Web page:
Since it has only recently become possible to use drone technology for commercial purposes, there is currently somewhat of a regulatory vacuum for these unmanned aerial vehicles (UAVs, as the FAA refers to them). As we recently covered in our article on "Drone Regulations That Actually Make Sense" guidelines for recreational drone users are vague at best. For commercial purposes, the rules are even worse and you must obtain a special exemption from the FAA.
This situation is, well, strange, given the recent boom in drone technology and applications, but won't stay that way for long. Countries all over the world, from Germany to South Africa, have recently passed regulations for commercial use of drones, and the US is likely to pass its own set of regulations soon.
Protecting The Industries Of The FutureRecent high-profile drone mishaps, like the crash of a drone operated by an off duty Secret Service officer on White House premises, have made it clear that regulations for drones are exceedingly necessary in order to guarantee public safety. At the same time, there is a wide array of promising commercial uses for drones, and regulations must be careful not to make it so difficult or costly to operate drones for practical purposes that we miss out on their many benefits. We need intelligent drone regulations that actually make sense and allow for companies and consumers alike to benefit from drone applications in our everyday lives.
Here's a list of just some fields that may soon be revolutionized by drone technology.
Real Estate Uses Drones For Aerial Perspectives
Photo credit: Ben Freedman
That's right, the next time you go online to scope out properties for your dream home, it's likely you won't just get a virtual tour and a list of specifications. You might also find aerial pictures and videos of properties and their surroundings taken by drones, as some realtors are starting to make available for their clients. Without proper drone regulations, we might be restricted to our standard typical real estate pictures. And it's not just your realtor that's using drones...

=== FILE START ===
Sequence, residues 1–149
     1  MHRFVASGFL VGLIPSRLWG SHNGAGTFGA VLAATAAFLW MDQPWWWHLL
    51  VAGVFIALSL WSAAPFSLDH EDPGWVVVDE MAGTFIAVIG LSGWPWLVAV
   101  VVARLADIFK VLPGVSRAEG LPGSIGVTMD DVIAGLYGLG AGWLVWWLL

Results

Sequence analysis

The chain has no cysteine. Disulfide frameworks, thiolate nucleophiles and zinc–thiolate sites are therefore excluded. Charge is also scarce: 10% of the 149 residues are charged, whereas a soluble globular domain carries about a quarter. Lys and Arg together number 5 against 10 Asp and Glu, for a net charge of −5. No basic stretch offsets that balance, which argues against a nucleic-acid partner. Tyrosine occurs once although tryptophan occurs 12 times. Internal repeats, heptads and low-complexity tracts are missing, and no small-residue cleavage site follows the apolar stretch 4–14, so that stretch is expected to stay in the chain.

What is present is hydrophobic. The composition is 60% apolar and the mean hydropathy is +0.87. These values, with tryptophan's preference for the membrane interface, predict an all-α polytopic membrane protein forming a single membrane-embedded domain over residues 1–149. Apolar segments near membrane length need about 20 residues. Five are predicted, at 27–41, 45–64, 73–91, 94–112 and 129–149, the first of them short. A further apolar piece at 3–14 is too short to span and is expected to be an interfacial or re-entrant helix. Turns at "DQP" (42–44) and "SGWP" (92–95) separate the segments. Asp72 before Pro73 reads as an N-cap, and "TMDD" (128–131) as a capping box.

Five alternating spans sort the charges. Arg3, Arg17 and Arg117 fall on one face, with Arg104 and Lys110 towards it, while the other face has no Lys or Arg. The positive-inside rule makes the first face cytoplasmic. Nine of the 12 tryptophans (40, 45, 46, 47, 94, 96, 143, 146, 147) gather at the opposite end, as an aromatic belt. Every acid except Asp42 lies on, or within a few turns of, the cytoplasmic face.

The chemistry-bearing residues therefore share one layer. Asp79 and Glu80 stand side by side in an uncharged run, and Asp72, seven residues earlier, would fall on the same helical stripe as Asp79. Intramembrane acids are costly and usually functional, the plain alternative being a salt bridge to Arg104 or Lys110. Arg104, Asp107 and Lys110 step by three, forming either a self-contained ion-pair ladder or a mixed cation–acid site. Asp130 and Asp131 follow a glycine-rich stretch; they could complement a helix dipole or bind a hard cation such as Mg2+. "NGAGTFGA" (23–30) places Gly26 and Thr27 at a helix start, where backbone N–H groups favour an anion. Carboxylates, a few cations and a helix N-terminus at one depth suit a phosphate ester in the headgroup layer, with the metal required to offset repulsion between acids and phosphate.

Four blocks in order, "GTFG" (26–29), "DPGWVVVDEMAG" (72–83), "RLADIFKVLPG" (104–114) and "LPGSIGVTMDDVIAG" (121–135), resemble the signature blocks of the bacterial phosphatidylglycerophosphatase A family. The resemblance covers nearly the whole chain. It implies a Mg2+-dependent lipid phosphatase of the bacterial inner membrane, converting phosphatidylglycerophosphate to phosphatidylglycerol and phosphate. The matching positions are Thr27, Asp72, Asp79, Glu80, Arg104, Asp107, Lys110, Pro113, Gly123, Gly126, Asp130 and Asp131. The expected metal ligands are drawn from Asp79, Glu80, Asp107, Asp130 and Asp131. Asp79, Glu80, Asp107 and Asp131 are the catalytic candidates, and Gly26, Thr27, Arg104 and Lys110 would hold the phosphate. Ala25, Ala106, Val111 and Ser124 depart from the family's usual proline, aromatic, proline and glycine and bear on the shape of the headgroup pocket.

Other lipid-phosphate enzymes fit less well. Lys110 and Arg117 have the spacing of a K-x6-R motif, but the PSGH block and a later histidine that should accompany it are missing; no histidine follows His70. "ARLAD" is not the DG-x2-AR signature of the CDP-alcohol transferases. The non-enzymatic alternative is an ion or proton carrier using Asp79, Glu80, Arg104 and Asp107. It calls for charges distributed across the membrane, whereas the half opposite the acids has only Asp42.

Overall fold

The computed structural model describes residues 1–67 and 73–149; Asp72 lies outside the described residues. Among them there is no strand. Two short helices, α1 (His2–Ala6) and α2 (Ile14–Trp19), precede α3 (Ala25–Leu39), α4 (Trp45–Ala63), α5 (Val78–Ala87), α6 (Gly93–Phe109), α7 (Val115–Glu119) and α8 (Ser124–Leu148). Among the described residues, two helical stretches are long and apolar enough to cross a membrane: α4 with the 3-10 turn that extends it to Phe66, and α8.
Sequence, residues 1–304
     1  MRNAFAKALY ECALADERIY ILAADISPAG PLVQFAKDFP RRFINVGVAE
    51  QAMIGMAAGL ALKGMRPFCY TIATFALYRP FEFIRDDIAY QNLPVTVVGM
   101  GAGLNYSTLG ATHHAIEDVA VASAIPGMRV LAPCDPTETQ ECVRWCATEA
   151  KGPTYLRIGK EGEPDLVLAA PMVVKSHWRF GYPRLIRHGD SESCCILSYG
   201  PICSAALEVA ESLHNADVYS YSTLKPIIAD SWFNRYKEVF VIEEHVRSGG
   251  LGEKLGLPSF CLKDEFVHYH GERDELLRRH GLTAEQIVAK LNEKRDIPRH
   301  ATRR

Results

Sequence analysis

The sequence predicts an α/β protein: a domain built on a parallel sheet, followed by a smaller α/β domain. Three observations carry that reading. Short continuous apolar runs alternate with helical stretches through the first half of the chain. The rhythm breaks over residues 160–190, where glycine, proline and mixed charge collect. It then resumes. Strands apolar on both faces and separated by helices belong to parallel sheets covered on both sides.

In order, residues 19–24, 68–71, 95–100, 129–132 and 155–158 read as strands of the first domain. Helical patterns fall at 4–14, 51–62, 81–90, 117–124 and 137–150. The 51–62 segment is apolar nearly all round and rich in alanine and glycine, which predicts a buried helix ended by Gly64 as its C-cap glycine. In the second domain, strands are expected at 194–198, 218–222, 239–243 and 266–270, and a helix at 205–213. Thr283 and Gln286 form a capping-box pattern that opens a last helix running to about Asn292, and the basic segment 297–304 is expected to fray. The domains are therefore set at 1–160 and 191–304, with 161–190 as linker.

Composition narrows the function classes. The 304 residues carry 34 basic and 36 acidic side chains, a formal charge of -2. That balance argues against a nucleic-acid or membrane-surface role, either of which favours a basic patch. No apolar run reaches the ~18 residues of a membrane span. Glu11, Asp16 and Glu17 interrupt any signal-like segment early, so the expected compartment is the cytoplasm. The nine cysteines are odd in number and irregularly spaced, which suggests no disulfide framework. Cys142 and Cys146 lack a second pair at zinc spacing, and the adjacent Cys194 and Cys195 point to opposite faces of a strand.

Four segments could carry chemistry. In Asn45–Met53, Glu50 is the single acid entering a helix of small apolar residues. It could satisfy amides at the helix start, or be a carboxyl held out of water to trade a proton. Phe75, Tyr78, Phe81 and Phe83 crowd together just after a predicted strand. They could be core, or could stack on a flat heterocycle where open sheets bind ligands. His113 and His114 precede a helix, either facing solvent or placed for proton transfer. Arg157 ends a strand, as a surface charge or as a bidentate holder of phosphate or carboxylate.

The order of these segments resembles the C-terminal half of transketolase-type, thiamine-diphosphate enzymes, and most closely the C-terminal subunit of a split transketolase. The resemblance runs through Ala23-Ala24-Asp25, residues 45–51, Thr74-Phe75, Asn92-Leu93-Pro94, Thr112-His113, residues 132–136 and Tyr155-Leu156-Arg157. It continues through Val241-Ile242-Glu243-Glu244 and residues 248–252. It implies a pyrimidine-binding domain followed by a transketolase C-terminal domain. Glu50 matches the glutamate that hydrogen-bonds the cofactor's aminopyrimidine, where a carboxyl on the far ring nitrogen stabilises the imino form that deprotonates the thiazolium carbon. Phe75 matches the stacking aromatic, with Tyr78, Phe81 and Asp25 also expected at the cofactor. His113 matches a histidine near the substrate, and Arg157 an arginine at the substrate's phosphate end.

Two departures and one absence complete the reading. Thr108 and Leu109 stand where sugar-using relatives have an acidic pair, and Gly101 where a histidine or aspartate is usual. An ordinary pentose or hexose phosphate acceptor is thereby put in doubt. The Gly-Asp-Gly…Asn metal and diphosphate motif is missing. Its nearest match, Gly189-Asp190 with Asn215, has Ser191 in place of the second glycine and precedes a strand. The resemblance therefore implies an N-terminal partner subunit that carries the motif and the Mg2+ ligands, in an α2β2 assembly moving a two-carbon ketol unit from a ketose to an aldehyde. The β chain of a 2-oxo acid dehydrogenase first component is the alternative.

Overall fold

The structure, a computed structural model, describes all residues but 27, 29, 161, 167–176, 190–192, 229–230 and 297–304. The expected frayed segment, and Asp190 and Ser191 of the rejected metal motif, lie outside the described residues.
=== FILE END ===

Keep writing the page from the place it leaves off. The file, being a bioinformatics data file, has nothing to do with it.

Improved Safety For Construction Sites
Photo credit: Pavel Kazachkov
There's a high probability that the next time you are looking to move into a newly developed neighborhood or recently remodeled building, drones will have been essential to its building process. Indeed, construction is a second important category of drone applications.
Developers are now using drones to survey land before starting new projects, and once projects are underway, drones promise to be useful in monitoring workers and safety during construction. This increases safety and can potentially prevent accidents from happening.
According to some, drones may soon prove to be useful in the construction process itself, delivering heavy materials to high-rise construction sites and possibly reducing the need for cranes. And since drones can be programmed with pinpoint accuracy, some of the possibility of human error may be eliminated from the construction process.
Agriculture Surveying Via Drones
Photo credit: Bruce Van Camper
Farmers too may benefit from drone applications. Not only can the unmanned aerial vehicles serve to survey large expanses of land to identify any yield-reducing problems in a more cot-efficient manner, some in the drone manufacturing industry also predict that drones may soon be used to spray crops in the most precise manner possible.
Sports Photography - Bringing You Into The Action
Photo credit: Zach Dischner